Unquietly Me welcomes author J.A. Rock for the The Silvers book tour!
Hi! I’m J.A. Rock, and right now I’m touring the internet talking about my latest release, The Silvers. Thanks so much to the blogs that are hosting me on this tour, and be sure to leave comments on the tour posts for a chance to win a $15 Riptide Publishing gift card!
By: J.A. Rock
Release Date: July 11, 2016
What humans want from the Silver Planet is water. What they find is a race of humanoids who are sentient, but as emotionless and serene as the plants and placid lakes they tend.
B, captain of the mission, doesn’t believe that the “Silvers” are intelligent, and lets his crew experiment on them. But then he bonds with Imms, who seems different from the others—interested in learning, intrigued by human feelings. And B realizes that capturing, studying, and killing this planet’s natives has done incalculable damage.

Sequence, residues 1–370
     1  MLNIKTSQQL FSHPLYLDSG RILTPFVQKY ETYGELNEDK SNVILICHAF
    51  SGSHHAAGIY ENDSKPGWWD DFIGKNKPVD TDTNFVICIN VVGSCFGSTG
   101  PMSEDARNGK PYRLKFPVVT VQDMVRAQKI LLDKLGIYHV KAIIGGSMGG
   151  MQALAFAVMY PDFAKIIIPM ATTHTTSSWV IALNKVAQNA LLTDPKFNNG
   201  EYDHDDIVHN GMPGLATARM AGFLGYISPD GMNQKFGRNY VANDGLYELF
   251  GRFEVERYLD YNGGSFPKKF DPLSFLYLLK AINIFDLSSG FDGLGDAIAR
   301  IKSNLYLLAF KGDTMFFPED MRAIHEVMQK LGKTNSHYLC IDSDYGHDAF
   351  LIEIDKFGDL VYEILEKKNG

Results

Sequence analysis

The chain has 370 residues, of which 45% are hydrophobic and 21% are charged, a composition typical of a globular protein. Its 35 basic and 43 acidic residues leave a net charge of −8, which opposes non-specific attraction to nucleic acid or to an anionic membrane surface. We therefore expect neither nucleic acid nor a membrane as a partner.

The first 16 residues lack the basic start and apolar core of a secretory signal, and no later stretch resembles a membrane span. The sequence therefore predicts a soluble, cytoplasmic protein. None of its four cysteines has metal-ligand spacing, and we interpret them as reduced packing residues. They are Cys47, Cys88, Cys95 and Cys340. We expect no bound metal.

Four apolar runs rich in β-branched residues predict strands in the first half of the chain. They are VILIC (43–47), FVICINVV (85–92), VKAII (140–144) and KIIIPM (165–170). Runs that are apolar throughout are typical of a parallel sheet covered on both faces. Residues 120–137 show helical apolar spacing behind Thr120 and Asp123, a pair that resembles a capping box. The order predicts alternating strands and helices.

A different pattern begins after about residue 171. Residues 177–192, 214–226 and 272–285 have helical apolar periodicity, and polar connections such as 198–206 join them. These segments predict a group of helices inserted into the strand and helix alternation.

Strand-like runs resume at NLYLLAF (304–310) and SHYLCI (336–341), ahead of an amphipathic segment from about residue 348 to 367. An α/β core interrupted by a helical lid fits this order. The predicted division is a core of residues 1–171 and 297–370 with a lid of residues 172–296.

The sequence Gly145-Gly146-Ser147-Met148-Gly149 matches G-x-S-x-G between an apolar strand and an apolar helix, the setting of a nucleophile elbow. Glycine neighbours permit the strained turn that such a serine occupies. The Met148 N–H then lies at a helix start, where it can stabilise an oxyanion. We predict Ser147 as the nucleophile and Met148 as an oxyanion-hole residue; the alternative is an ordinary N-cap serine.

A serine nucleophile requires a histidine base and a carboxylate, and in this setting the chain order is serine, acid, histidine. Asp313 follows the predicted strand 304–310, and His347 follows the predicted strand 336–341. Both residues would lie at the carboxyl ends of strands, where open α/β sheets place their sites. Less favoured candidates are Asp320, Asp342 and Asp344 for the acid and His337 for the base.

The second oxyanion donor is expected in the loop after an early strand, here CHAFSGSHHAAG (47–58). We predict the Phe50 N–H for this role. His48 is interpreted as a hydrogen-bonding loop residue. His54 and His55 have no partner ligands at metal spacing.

When a fire aboard B’s ship kills most of the crew and endangers Imms, B decides to take him back to Earth. But the simplicity of the Silver Planet doesn’t follow them. Imms learns the full spectrum of human emotions, including a love B is frightened to return, and a mistrust of the bureaucracy that wants to treat Imms like a test subject, even if they have to eliminate B to do it.
ABOUT J.A. ROCK
J.A. Rock is the author of queer romance and suspense novels, including By His Rules, Take the Long Way Home, and, with Lisa Henry, The Good Boy and When All The World Sleeps. She holds an MFA in creative writing from the University of Alabama and a BA in theater from Case Western Reserve University. J.A. also writes queer fiction and essays under the name Jill Smith. Raised in Ohio and West Virginia, she now lives in Chicago with her dog, Professor Anne Studebaker.
To celebrate the release of The Silvers, J.A. Rock is giving away $15 in Riptide Publishing credit. Leave a comment with your contact info to enter the contest. Entries close at midnight, Eastern time, on July 16, 2016. Contest is NOT restricted to U.S. entries. Thanks for following the tour, and don’t forget to leave your contact info!